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26 transit professionals to provide service that meets local work toward a common goal of continuing to improve needs. The first brokerage was initiated in 1994 after two the brokerages. years of discussion, with others following over the next few Interagency agreements--By contracting with other years. All of the brokerages are public transit operators. governmental entities, as opposed to a competitive pro- curement, OMAP has been able to ensure coordination by involving transit agencies as brokers. Relationship Between Stakeholders Local level flexibility--As with most large and diverse states, Oregon has a wide variety of transportation In 1991, OMAP initiated discussions with TriMet, which cul- needs. Solutions in Portland may not work in the cities minated with an agreement for management of the brokerage of Bend or Salem. This approach recognizes that the that has been in place since 1994. TriMet management stated local level is the best place to determine needs and a ser- that relations among OMAP, ODOT, and TriMet were excel- vice model(s). In addition, TriMet works directly with lent, because all parties have a common goal. Communication caseworkers to ensure the most appropriate mode. is rarely a problem, because all parties work closely together Cost-effective--The broker is always seeking the low- to solve problems. ODOT provides seed money to brokers as est cost per trip and has a variety of options available. needed to ensure successful implementation. Use of fixed-route service--The brokers appear to be taking advantage of fixed-route services and this has State Level Service Delivery Model resulted in significant savings. Service standards--TriMet determines the service stan- OMAP has placed control of the service at the local level. By dards for the NEMT program (over and above state allowing these regional brokers the flexibility to operate a pro- minimum levels). TriMet uses its own standards to gram that meets the needs of the community, coordination has ensure a quality service. flourished. The regional brokerages are all operated by transit Contract oversight--TriMet is aggressive in monitor- agencies. Each agency uses its own approach to the provision ing service--frequent field observations, inspections, of NEMT. Brokers are paid based on an average trip cost, and communication with caseworkers can only be done which is calculated quarterly. All billing is done electronically. at the local or regional level. Fair/reasonable payment for service--The cost of the service is closely monitored to ensure that the payment TriMet Coordination Activities per trip is reasonable for all parties. TriMet maintains a separate "contact center" for each program and a separate contracted operation owing to the complexities TEXAS--TEXOMA AREA PARATRANSIT SYSTEM, and differences of each program. Until recently, the services SHERMAN AND DENNISON were managed by two different entities. Last year, both cen- ters were contracted to one management firm. The centers are Introduction on TriMet property with TriMet staff working alongside the The Texoma Area Paratransit System (TAPS) is a nine- contractor, allowing for ease of service monitoring. county rural transit agency and a small urban operator for the cities of Sherman and Dennison in north Texas. The service Customers call the NEMT Contact Center, which then area population is approximately 110,000. The agency is pre- assigns trips to one of 50 subcontractors (some are exclusive dominantly demand-response with a series of commuter to TriMet, whereas others, such as taxicabs, pick up other fixed-route services serving various employment sites in the passengers). Selection of the contractor and mode is depen- Dallas/Ft. Worth metropolitan area and the Dallas Area Rapid dent on need (most appropriate mode) and cost. Fixed-route Transit's (DART) light rail station in Plano. ridership for NEMT is 35% of total ridership, down from 50% as a result of the elimination of certain groups from the TAPS contracts with the Medicaid Transportation Program Medicaid program. These groups had a very high level of (MTP) in nine counties (four under subcontract) and has coor- fixed-route use. TriMet does not conduct a formal assess- dinated a wide range of types of human service transportation ment of the ability of Medicaid clients to ride fixed-route for more than 20 years. TAPS is similar in size and coordina- transit (unlike the ADA program), preferring to "take the tion levels to a number of other rural agencies in Texas. word" of the customers. Management feels that this approach, coupled with communication with case workers Texas has a long history of coordination at the local level, and field observation, is more effective and less intrusive. especially in rural areas, where many of the agencies have a 30-year history of coordinating Medicaid, Title III Aging Activities That Affect Coordination transportation, job access, and other programs with public transit. Almost all of the rural transit agencies in the state Communication and trust--OMAP, TriMet, and coordinated at least one other human service program, and ODOT have an excellent working relationship and most more than one.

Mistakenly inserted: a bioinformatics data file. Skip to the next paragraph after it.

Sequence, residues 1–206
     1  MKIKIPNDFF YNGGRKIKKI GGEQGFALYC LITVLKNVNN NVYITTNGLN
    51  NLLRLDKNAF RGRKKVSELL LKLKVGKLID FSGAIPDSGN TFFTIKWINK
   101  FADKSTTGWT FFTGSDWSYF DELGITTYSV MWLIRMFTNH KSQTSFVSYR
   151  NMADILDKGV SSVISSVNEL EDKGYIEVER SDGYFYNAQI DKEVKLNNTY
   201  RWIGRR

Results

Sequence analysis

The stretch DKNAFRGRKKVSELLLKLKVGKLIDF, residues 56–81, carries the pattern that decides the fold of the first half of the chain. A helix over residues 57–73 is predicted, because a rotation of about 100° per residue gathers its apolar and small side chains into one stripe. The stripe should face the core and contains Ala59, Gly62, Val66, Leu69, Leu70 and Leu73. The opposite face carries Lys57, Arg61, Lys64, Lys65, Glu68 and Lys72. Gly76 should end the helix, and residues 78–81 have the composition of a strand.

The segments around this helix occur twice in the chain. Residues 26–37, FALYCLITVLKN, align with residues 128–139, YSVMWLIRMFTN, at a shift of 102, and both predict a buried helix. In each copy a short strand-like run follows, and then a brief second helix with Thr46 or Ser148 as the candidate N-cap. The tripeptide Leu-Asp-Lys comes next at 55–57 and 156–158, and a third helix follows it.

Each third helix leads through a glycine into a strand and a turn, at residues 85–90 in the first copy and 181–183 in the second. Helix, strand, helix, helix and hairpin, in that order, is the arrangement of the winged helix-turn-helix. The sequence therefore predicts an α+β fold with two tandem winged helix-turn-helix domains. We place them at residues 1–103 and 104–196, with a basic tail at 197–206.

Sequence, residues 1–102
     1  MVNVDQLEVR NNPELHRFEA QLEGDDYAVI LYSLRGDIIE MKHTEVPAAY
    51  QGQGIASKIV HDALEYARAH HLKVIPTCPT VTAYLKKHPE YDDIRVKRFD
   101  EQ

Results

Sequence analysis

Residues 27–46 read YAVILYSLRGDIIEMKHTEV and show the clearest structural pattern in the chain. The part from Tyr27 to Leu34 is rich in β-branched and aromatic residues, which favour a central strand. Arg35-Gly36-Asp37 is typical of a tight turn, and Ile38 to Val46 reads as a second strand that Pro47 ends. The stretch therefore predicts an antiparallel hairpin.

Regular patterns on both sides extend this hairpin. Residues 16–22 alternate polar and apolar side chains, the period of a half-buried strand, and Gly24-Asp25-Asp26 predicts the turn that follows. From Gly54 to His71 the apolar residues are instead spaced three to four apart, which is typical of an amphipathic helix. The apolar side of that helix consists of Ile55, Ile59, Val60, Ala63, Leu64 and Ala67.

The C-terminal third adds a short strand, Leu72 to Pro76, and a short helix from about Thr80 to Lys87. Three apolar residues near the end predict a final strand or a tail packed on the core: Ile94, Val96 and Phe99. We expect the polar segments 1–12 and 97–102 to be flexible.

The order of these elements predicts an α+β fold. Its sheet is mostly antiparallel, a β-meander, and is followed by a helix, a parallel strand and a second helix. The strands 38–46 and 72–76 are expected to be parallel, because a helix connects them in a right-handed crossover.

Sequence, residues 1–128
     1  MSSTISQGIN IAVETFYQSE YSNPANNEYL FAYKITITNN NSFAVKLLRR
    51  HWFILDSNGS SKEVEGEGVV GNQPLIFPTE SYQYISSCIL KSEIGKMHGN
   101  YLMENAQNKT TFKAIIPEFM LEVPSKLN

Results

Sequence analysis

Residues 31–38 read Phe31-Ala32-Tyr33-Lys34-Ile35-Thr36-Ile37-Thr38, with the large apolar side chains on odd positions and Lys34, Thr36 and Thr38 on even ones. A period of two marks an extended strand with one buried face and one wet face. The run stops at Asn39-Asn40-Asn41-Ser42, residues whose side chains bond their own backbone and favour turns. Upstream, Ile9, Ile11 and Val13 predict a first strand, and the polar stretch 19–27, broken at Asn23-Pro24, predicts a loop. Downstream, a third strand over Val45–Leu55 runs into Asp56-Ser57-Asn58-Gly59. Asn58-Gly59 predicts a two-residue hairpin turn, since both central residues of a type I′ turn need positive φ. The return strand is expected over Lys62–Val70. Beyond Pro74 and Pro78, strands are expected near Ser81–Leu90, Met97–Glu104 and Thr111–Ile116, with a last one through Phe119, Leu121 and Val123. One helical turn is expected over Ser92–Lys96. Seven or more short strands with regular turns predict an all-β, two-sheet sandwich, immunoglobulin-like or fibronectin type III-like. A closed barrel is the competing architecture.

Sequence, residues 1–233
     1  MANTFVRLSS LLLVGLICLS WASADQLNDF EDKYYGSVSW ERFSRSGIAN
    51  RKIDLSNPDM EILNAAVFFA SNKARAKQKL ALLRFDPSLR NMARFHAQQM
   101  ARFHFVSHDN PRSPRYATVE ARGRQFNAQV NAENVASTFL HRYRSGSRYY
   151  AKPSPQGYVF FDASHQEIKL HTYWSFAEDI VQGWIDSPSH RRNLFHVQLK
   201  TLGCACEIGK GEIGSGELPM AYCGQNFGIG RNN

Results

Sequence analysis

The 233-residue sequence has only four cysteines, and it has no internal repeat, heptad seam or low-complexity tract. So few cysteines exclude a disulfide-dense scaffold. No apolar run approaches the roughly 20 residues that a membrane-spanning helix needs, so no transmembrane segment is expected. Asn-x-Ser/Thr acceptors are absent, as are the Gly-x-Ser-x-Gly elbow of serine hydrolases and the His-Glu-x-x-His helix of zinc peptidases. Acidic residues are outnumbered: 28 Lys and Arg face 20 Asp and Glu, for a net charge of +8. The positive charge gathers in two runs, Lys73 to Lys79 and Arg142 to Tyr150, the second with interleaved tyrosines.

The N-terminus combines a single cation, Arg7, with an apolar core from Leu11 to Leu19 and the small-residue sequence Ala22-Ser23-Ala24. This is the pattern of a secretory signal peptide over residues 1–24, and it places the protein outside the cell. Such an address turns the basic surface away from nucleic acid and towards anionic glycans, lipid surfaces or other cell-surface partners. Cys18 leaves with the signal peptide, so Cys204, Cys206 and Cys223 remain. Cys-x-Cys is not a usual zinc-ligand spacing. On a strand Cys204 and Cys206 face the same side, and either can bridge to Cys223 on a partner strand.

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27 Relationships Between Stakeholders service operator. It is not clear at this point how this procure- ment will affect coordination with public transit, nor is it clear The Texas Legislature has taken a unique approach to the how fixed-route usage will be increased. coordination of transportation at the state level. In 2003, the state legislature passed legislation requiring the Texas Health and Human Service Commission (HHSC) (responsi- State Level Coordination ble for Medicaid, Title III, and other programs) and the Texas Workforce Commission (TWC) to cede control of As stated previously, the rural transit agencies have evolved their transportation programs to TxDOT. However, HHSC into very highly coordinated transit agencies that compare and the TWC retain policy control over their programs (i.e., favorably with other states. TxDOT has recently imple- HHSC is still the single state agency responsible for Medic- mented a planning requirement for 24 designated areas cov- aid). To date, TxDOT has transferred the entire MTP staff ering the entire state. All major agencies and stakeholders (more than 150 individuals operating the 8 call centers), as are involved. It is not clear how the results of these meet- well as seven staff members to support the software used by ings will affect or influence Medicaid transportation (pro- TxDOT. The program has remained basically the same as it cured outside the influence of this planning process) and the was when it was at HHSC. No other programs have been other programs. It should also be noted that without Medic- affected at this time. aid transportation, there is little left to coordinate because MTP contributes the vast majority of human service fund- ing and customers. State Medicaid Service Delivery Model Texoma Area Paratransit System Coordination TxDOT operates the regional brokerages directly (using state Efforts to Date employees), and each region uses multiple operators to cover their regions. In essence, TxDOT is directly involved in the TAPS is a fully coordinated transit agency that, in addition to day-to-day operation. Clients call their designated TxDOT public transportation, contracts with TxDOT to operate Med- regional broker who verifies client and trip eligibility and then icaid transportation. The recent changes place a sub-broker determines the most appropriate mode. The MTP office then between TAPS and TxDOT. TAPS also assists a number of schedules the trip and contacts (or posts on the web) the most senior centers and the TWC. Employment transportation is appropriate service operator at 5:00 p.m. the day before the trip. coordinated directly with employers and employee organiza- tions. TAPS also works with other small agencies to assist Use of fixed-route service by TxDOT is low in the major them in their transportation needs. cities where most of the population resides. In the 1980s, more than 50% of urban Texas Medicaid clients using MTP TAPS has taken the initiative to coordinate NEMT with rode on fixed-route; currently, it is below 15%. public transit for its entire 20-year existence. Management believes that "all coordination is local" in that all of the activ- The previous approach implemented in the late 1990s by ities necessary for coordination have been conducted at the the Texas Department of Health was to conduct competitive local level. During those 20 years, TAPS was required to procurements throughout the state. The RFP standards devel- engage in a competitive procurement conducted by MTP oped previously by the Department of Health for drivers, and, at this time, has retained its contract. TAPS must work vehicles, maintenance, and safety were considerably lower with two separate TxDOT MTP managers and two different than that of most of the public transit operators. As a conse- TxDOT public transit coordinators. Now it must also work quence, some of the rural public transit agencies that had with an MTP sub-broker. been operating MTP service for 20 years lost their contracts based on price. This resulted in a net loss of coordination in Innovation to Enhance Coordination parts of the state, whereas other rural operators continued to operate in a coordinated manner. This loss continued with the TAPS and one of its TxDOT MTP field managers have initi- most recent procurement (discussed here). ated a pilot program in four of the TAPS counties. TAPS sells bus passes for travel within each county. The MTP office in The new RFP issued as this study was being completed Dallas purchases discounted passes and distributes them to indicates that TxDOT is beginning to level the playing field riders with demonstrated need. The customer then calls TAPS by making operating requirements more stringent. The RFP for their trip and is treated as any other customer. This elimi- does not require coordination, although it is encouraged. nates the need for expensive invoicing and processing for TxDOT has designated the 24 council of government regions both the operator and the MTP. It allows the transit provider as MTP regions. It is conducting a competitive procurement to to control the scheduling process, which also enhances their select one operator or sub-broker who will receive the calls productivity. Record keeping is kept to a minimum as well. from TxDOT (the broker) to be responsible for all service in Lastly, it allows the MTP customers to gain a familiarity with the region. These trip requests will then be forwarded to the the agency.